Officially opened the 4th African Judicial Dialogue at Speke Resort Munyonyo. This conference has attracted over 43 participants from African states and will run under theme; ‘Tackling Contemporary Human Rights Issues: The Role of the Judiciary in Africa’.
My call to the different state and non-state actors devoted to the promotion of justice and human rights in Africa is that they should address the causes of injustices and human rights abuses that are deeply rooted in the social, economic and cultural set up of the African society.
Most causes of human rights abuses are not of legal nature hence can not be addressed by mere legislation.
There are fundamental human rights such as the right of access to food, shelter, clean water, clothing, education and health. These cannot be addressed legally but rather by developing the economy to enable the state to support her citizens.
Man has not only been abused by fellow man. He has also been abused by nature such as floods, drought, diseases, famine, and earthquakes, among others. These can only be addressed by development solutions and not by legislation.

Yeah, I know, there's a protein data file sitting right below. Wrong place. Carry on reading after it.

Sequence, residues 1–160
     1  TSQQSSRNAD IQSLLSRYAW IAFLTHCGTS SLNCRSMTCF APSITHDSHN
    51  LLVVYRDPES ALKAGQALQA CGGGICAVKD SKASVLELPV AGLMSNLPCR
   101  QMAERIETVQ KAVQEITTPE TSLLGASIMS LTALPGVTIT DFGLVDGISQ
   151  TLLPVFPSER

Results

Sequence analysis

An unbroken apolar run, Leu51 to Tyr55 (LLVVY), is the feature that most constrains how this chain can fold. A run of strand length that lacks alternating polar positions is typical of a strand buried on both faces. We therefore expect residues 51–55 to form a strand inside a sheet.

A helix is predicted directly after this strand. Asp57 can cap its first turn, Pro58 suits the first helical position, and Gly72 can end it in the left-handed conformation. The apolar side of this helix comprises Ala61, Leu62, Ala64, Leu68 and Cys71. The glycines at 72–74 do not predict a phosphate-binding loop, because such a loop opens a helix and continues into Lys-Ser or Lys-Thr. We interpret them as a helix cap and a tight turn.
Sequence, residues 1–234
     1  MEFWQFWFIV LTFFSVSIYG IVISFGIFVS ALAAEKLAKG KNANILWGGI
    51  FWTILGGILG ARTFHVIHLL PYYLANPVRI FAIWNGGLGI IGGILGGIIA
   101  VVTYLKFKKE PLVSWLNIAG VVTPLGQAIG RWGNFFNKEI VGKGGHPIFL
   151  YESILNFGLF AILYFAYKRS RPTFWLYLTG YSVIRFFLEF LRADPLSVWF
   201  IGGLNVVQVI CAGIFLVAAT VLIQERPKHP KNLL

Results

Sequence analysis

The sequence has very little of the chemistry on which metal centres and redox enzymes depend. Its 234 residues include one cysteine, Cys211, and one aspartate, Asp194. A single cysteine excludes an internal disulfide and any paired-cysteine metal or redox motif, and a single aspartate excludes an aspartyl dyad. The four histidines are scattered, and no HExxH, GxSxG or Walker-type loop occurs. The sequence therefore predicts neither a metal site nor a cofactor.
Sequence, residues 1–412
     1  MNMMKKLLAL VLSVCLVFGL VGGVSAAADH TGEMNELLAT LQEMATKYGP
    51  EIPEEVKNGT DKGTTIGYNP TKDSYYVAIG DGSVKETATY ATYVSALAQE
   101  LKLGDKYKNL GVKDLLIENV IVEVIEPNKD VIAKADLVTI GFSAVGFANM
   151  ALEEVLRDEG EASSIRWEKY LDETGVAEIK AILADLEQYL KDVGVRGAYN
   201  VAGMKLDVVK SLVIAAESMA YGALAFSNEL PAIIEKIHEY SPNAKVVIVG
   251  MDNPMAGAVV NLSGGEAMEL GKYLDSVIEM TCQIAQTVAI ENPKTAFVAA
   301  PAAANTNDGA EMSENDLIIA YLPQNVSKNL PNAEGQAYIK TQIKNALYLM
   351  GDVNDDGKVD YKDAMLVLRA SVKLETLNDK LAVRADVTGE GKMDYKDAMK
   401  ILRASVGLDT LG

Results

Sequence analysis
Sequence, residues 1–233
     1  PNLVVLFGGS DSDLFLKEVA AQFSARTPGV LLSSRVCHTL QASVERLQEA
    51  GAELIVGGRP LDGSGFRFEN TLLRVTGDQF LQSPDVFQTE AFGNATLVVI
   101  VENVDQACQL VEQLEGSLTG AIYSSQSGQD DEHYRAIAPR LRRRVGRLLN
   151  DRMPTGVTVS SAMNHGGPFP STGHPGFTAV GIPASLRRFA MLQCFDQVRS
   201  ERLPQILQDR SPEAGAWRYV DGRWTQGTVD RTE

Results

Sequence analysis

Political and social rights could be safeguarded by legislation, however, most African countries are faced with a danger of imposing on their people and their laws, liberal concepts of the developed world that cause a clash of African and European cultures; that has made safeguarding of human rights in Africa hard.
The legal system in Africa is merely transplanted from the West and needs to be harmonised. Some people are, for example, against the death penalty but for me, I am for the laws of Moses of an eye for an eye, a tooth for a tooth. Laws should be aligned to society otherwise some laws may end up being an injustice to the population.
Some of our cultures have been outlawed but people have ignored the laws and continued to practice their cultures because they see no harm in them. So, the existences and practices continue; which shows that those who designed the laws never did enough consultation to put people’s cultures and norms into consideration because not all African practices are bad.
About the issues of case backlog, I suggest that the judiciary all over Africa prioritise cases that are major. For instance, if you have a case of two men who fought in a bar and a company employing 2000 people, I would think you consider the latter. Let the two men who fought in a bar wait.